TULSA– Governor Kevin Stitt declared a state of emergency for all 77 Oklahoma counties
due to coronavirus (COVID-19) concerns on March 15, 2020.
In response and in an effort to rapidly disseminate as much information as possible on best
practices for hospitals and health care providers, Dr. Kayse Shrum, president of Oklahoma
State University Center for Health Sciences, directed the creation of a Project ECHO COVID-
19 service line that can address the resources needed for Oklahoma’s rural health systems.
“As a publicly supported academic health center, it’s our obligation at OSU Medicine to step
up to meet the challenges presented by the COVID-19 health crisis. As Governor Stitt’s
Secretary of Science and Innovation and a member of his Solution Task Force on COVID-19,
we are charged with deploying as quickly as possible all available resources across the
state to help abate the disease in light of its rapid onset,” said Shrum. “Project ECHO COVID-
19 service line allows us to share our knowledge and health care best practices with rural
health providers so that they can be better equipped to diagnose, test, and treat patients
The goal of the Project ECHO COVID-19 service line is to assist rural practitioners,
hospitals, nursing homes, and even state and local stakeholders in policy and
appropriations in meeting the challenges the disease is placing on rural communities and
The Project ECHO COVID-19 service line launched March 20 with more than 150
participating organizations, representing physicians’ groups, critical access hospitals and
nursing and extended care facilities,” said Dr. Joseph Johnson, associate dean for Project
ECHO at OSU Center for Health Sciences.
The COVID-19 Oklahoma update ECHO will be held weekly, every Monday, Wednesday and
Friday at 8:30 a.m. The sessions are for health workers. You must register to participate.
Register at health.okstate.edu/echo.
“The goal with this ECHO program is to address the changes in health practice and provide
information necessary to flatten the curve of spread in our communities,” Johnson said.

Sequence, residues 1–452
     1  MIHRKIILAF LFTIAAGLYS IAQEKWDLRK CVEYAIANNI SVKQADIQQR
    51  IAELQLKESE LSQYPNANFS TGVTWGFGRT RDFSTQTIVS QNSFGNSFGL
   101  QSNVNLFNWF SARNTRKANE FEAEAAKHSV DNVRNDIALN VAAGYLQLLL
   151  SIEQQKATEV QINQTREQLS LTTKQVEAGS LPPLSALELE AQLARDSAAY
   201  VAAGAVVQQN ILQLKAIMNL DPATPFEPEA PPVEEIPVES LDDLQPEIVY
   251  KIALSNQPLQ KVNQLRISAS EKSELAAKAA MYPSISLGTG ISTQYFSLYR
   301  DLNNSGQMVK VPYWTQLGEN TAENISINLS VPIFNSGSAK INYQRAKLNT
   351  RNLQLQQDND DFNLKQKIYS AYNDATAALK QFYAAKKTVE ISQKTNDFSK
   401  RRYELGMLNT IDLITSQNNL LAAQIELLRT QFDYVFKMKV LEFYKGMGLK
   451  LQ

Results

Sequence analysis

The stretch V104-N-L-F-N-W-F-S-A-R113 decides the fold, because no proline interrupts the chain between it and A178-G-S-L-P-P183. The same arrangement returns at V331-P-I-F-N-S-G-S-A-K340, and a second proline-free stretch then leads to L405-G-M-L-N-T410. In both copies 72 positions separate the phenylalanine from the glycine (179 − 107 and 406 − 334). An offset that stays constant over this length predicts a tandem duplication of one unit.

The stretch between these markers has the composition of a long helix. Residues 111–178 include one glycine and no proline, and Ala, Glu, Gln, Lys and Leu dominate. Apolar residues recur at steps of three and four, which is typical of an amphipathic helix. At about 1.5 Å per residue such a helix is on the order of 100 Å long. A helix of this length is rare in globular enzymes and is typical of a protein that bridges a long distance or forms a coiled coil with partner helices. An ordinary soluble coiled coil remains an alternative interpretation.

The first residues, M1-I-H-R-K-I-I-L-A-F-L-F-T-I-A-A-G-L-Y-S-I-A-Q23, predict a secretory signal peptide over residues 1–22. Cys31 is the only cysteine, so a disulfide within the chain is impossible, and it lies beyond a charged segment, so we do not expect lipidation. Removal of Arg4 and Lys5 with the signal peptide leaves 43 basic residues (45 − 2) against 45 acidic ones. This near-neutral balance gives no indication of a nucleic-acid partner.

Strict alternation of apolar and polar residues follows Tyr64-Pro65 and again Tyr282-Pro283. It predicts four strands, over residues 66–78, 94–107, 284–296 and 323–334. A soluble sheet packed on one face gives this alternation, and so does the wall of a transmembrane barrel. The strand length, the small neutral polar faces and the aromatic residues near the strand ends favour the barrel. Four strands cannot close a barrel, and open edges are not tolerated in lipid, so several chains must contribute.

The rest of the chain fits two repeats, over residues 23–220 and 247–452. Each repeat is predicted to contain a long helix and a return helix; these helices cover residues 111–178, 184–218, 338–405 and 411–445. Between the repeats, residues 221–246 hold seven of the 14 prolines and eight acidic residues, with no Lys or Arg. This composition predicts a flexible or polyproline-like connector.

The growing COVID-19 pandemic is affecting Americans of all ages, with, according to the
CDC, older adults and those with serious underlying medical conditions considered most at
risk, said Tara M. Jackson, DrPH, executive director of OSU-CHS Project ECHO.
“This is a rapidly evolving situation and our expert COVID-19 Oklahoma Update ECHO team
closely monitors the prevalence and transmission rates of the virus and shares knowledge
with healthcare providers across Oklahoma of best-practices in the diagnosis, treatment
and containment of this disease. That’s how Project ECHO is responding to meet needs of
our State,” Jackson said.
The OSU Project ECHO (Extension for Community Health Outcomes) program is a
collaborative model of medical education and care management that empowers clinicians
in rural and underserved communities to provide specialty care to more people right
where they live.
Through the use of technology, Project ECHO connects an interdisciplinary team at the OSU
Center for Health Sciences with community providers to discuss treatment for chronic and
complex medical conditions.
COVID-19, or the coronavirus disease as it is commonly referred to, is a contagious
respiratory disease that was first detected in China in December of 2019 and now has
impacted the world as well as Oklahoma.
While considered a “novel” coronavirus, meaning it is a new form of a virus, it is currently
being tracked as a life-threatening disease with an expanding nature to counties
“Although, the Centers for Disease Control and Prevention (CDC) expects widespread
transmission of COVID-19 in our country being prepared in our rural communities will
decrease the mortality rates. Pai is one of the experts leading the Project ECHO COVID-19
service line,” said Dr. Gitanjali Pai, an infectious disease specialist at Stilwell Memorial
To register for the OSU-CHS COVID-19 Project ECHO visit health.okstate.edu/echo.
About Oklahoma State University Center for Health Sciences and OSU Medicine
Oklahoma State University Center for Health Sciences is a nationally recognized academic
health center focused on teaching, research and patient care. OSU Center for Health
Sciences offers graduate and professional degrees through its College of Osteopathic
Medicine, the School of Allied Health, the School of Health Care Administration, the School
of Biomedical Sciences, and the School of Forensic Sciences. OSU Medicine also operates a
network of clinics in the Tulsa area offering a multitude of specialty services including
addiction medicine, cardiology, family medicine, internal medicine, pediatrics, psychiatry,
surgery and women’s health. Learn more at health.okstate.edu.
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